Drinks with Liz Taylor and under-performing Burton
Now it can be told: why Richard Burton was on fizzy water while Liz and I sipped champagne
It was a dark wet night in London in February 1975 when I shared a bottle of champagne with Elizabeth Taylor. She had just returned to London from the extravaganza in Africa of her second marriage to Richard Burton.
I found the world's most celebrated couple sitting at a circular table near the rear of Scott's, Mayfair's most exclusive seafood restaurant.
Miss Taylor looked up at me with big lazy eyes. You don't really see their astonishing violet hue until you look right into them. The monster diamond he had given her was on her ring finger.
Burton pursed his lips and gestured for me to sit down. My heart pounded. I had expected him to tell me to fuck off. I was a day-rate reporter working the night shift for the Daily Mail, and was new to this paparazzo thing.
Scott's had a sheet of plywood nailed up where the plate glass window looking onto Mount Street should have been. It had been hit by an IRA bomb just a couple of nights before, and the night editor wanted the story of how Burton-Taylor had come to defy the cowardly terrorists, to play their part for England.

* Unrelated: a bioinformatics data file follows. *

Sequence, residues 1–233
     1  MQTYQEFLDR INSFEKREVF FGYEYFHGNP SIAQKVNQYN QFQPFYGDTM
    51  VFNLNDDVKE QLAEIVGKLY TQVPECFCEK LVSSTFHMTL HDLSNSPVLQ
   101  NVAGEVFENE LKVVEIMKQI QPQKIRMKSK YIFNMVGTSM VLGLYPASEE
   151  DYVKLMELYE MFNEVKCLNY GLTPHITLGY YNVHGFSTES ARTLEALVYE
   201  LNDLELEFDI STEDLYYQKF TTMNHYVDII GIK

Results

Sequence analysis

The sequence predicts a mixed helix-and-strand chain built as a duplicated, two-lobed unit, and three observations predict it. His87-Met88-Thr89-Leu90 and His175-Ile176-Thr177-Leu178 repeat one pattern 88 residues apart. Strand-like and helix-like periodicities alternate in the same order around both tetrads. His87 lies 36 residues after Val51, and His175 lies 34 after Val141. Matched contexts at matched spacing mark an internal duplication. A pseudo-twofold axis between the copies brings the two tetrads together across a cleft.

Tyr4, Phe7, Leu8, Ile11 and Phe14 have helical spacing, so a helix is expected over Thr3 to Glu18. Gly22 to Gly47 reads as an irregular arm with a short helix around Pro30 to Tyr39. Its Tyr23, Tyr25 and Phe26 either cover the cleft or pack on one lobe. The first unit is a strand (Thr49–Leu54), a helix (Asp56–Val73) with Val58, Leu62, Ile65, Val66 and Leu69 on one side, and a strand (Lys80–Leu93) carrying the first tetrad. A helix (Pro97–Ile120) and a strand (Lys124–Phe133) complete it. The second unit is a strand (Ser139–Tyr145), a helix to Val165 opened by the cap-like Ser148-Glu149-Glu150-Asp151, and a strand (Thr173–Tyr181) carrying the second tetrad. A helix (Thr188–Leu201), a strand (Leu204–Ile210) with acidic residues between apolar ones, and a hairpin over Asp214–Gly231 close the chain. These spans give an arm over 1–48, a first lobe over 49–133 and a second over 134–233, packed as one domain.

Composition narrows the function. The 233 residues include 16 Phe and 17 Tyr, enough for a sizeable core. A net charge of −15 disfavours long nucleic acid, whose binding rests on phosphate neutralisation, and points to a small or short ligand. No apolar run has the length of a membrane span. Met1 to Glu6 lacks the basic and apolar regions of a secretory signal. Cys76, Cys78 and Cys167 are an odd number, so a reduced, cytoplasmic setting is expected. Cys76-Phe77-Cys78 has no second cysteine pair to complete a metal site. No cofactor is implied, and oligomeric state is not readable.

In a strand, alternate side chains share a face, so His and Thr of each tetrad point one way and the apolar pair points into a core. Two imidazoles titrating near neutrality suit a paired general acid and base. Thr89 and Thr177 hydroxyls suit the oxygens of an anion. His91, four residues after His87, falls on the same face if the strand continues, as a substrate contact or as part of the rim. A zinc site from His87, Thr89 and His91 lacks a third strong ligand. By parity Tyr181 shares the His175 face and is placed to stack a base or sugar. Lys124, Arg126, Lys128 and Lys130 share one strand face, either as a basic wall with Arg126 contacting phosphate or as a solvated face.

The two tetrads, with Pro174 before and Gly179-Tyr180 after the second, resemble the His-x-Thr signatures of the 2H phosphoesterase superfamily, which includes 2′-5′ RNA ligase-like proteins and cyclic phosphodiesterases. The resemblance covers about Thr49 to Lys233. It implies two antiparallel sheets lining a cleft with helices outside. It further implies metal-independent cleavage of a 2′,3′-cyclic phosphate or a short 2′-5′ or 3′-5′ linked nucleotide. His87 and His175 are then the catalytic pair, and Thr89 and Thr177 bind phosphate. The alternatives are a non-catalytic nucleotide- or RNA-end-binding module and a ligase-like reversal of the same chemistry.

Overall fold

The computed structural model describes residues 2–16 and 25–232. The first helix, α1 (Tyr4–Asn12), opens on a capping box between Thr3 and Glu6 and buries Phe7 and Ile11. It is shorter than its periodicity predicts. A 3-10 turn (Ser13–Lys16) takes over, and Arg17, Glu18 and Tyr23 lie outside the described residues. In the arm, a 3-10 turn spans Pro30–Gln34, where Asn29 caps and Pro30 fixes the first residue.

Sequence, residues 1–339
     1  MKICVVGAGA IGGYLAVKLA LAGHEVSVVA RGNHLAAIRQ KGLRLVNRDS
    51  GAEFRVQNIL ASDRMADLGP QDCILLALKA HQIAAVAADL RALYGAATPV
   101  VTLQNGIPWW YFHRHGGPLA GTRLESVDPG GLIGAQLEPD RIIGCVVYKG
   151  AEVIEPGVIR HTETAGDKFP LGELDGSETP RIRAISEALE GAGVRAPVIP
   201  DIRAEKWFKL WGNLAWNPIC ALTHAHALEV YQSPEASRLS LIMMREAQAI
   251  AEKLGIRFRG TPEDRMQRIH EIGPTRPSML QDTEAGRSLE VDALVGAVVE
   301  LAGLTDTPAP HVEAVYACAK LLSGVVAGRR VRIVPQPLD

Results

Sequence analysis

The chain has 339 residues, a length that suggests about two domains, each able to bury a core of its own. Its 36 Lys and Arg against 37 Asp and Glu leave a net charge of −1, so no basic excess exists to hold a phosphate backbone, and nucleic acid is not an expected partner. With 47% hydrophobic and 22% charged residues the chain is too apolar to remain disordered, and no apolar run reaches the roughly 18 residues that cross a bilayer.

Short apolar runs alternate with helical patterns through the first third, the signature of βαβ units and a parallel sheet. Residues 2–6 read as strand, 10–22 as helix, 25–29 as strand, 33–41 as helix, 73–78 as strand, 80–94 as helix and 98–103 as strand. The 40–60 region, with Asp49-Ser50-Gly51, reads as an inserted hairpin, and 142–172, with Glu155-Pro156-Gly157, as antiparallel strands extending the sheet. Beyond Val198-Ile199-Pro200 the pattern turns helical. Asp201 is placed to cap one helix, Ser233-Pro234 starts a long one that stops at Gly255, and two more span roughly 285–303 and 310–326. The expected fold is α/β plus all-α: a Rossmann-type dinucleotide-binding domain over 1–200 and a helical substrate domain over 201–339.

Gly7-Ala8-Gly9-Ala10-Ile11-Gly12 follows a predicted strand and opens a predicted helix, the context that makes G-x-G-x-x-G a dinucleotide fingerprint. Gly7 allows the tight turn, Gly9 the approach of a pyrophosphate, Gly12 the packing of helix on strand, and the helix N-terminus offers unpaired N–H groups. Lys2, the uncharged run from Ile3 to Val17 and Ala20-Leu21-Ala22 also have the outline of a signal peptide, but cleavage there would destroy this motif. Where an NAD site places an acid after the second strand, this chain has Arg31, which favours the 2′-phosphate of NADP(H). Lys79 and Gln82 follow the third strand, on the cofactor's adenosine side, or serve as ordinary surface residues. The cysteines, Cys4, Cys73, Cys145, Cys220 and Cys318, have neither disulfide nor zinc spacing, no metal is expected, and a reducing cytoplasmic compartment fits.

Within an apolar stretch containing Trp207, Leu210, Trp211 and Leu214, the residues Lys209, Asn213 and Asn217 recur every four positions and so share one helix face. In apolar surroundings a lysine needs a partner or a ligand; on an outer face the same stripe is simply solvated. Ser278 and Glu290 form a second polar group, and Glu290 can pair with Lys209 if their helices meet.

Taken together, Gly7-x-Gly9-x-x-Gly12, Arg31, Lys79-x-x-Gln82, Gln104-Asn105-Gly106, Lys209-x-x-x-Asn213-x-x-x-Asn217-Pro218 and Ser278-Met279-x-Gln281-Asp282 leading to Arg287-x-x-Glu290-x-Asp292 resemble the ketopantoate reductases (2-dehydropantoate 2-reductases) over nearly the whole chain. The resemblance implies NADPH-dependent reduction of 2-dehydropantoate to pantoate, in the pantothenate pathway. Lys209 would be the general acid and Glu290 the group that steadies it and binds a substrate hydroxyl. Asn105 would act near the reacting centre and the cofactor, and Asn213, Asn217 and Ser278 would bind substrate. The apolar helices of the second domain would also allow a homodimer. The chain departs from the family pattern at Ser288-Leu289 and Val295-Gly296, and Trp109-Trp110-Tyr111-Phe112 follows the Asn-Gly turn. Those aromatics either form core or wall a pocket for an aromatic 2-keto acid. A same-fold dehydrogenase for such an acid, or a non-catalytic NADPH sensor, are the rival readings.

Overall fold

We had been tipped off with a phone call from the maitre d', who was on the Mail gossip column's payroll. He had ushered me in. The celebrity culture was different then.
"We had no idea," growled Burton, "that the place had been bombed. You'll have to think of another story."
He called the waiter for a glass. Taylor poured the champagne, and then refilled her glass. She pointed to the flute before Burton.
"That's Perrier water," she said. She spoke so quietly that I had to lean forward to catch the words. Every time I did that, I found myself face to face with breasts almost as fabled as her eyes. "Melons", Burton would call them.
"He's on the wagon because he can't get it up," she went on. "I've told him he's got to get it up if he's going to be married to me."
Burton scowled, raised his glass, and took a disgusted sip.
I had my story, front page, late edition, although we were still too polite in those days to print all the details. Neither the sobriety nor the marriage lasted long. ·
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